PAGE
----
• 4 Plaintiff asks us to infer that Vicenik used the blueprints in Illinois, but we decline to make such an inference from these vague allegations and general conclusions. Plaintiff must allege that some definite act occurred in Illinois. See Bobka v. Cook County Hospital (1983), 117 Ill. App.3d 359, 453 N.E.2d 828.
• 5 Plaintiff also asks this court to hold that personal jurisdiction exists over the New Jersey defendants because plaintiff has its principal place of business in Illinois and thus will be financially injured in Illinois. We find that such a result would extend the reach of the Illinois long-arm statute to any person who commits a tort outside of Illinois as long as plaintiff had some financial interest in Illinois. Such a result would be constitutionally impermissible and manifestly unfair to persons in positions similar to defendants here. (See Gelderman & Co. v. Dussault (N.D. Ill. 1974), 384 F. Supp. 566.) The fact that plaintiff might feel the consequences of a nonresident's act, which took place outside of Illinois, in its Illinois pocketbook is insufficient to confer jurisdiction on that nonresident. (Green v. Advance Ross Electronics Corp. (1981), 86 Ill.2d 431, 427 N.E.2d 1203.) We conclude that the trial court erred in denying the out-of-State defendants' motion to quash service of summons for lack of personal jurisdiction under the allegations of this complaint.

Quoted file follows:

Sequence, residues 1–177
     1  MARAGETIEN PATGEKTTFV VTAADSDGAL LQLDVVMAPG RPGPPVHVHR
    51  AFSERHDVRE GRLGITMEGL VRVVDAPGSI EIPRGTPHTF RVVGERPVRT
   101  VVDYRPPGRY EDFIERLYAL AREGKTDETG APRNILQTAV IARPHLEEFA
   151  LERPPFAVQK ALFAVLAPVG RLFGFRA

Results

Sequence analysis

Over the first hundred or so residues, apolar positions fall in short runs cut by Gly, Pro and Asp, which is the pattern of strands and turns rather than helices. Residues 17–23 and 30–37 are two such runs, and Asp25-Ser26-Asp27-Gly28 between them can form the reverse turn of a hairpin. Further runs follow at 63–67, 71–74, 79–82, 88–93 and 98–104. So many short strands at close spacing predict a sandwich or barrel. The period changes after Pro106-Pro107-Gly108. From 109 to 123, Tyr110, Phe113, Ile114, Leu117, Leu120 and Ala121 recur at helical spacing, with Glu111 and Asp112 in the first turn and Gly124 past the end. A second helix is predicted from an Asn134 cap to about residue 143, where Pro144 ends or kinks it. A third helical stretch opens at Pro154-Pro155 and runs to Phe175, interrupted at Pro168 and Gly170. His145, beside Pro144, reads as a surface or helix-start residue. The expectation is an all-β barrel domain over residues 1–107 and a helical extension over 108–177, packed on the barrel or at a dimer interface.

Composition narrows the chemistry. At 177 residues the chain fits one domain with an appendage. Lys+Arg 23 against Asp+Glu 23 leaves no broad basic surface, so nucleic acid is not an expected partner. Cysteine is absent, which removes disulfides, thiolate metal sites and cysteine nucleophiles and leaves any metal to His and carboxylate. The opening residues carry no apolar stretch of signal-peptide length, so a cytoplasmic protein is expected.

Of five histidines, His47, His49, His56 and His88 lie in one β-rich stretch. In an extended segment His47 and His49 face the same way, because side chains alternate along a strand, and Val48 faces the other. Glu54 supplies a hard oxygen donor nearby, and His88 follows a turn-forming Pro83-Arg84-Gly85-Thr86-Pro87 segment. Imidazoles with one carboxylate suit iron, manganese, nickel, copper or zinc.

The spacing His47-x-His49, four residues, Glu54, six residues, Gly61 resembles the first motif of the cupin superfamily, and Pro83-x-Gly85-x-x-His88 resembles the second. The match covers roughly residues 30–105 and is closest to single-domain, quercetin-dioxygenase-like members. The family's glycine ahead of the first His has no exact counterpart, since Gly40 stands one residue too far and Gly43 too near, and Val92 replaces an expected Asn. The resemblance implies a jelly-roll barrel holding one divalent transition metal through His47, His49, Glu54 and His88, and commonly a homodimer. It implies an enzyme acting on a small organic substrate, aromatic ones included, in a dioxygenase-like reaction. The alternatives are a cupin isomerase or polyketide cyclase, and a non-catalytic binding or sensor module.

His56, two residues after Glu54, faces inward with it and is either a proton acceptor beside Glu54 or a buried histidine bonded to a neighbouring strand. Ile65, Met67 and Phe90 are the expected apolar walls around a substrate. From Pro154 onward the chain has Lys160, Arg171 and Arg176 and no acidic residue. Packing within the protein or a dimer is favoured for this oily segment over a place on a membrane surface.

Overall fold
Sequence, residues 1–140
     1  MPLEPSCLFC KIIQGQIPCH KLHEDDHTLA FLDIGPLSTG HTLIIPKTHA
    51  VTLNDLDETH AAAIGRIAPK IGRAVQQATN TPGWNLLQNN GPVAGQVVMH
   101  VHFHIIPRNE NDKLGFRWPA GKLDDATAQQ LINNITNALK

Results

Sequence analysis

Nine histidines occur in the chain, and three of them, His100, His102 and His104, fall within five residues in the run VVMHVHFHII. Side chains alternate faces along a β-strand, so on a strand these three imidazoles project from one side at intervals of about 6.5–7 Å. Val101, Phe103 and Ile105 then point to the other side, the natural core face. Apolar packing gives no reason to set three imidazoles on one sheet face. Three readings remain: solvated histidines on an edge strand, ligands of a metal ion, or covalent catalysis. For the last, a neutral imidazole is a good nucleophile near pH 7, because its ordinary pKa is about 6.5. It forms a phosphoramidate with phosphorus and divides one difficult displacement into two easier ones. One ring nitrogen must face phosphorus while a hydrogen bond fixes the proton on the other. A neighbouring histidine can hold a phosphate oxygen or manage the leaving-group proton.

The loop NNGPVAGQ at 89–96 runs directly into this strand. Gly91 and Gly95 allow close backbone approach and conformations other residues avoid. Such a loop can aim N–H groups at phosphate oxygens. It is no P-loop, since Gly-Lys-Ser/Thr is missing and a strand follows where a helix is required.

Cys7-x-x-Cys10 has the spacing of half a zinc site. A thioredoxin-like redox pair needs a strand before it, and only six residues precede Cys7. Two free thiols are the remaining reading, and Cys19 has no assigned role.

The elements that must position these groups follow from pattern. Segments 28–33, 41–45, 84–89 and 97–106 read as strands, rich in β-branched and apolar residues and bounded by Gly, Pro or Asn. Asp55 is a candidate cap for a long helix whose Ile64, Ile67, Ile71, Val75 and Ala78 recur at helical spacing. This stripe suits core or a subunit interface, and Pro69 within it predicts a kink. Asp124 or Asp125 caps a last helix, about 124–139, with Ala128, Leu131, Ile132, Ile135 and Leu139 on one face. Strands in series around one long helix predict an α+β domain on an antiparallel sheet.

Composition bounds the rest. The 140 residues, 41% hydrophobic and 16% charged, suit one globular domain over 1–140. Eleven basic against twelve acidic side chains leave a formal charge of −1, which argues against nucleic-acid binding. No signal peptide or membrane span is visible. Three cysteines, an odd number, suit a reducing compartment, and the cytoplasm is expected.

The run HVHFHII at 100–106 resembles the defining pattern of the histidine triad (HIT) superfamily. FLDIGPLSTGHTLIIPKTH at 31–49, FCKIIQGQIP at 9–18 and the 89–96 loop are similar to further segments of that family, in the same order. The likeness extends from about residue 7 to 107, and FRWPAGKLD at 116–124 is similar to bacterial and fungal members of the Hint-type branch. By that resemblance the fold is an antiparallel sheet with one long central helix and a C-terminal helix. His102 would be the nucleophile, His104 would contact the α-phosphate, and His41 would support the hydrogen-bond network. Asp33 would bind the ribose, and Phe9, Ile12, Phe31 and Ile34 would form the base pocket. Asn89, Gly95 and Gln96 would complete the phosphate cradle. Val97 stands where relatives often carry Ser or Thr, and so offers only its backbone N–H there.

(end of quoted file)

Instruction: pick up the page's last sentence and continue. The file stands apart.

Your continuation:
For the reasons stated, the judgment of the circuit court of Cook County is reversed.
RIZZI, P.J., and WHITE, J., ...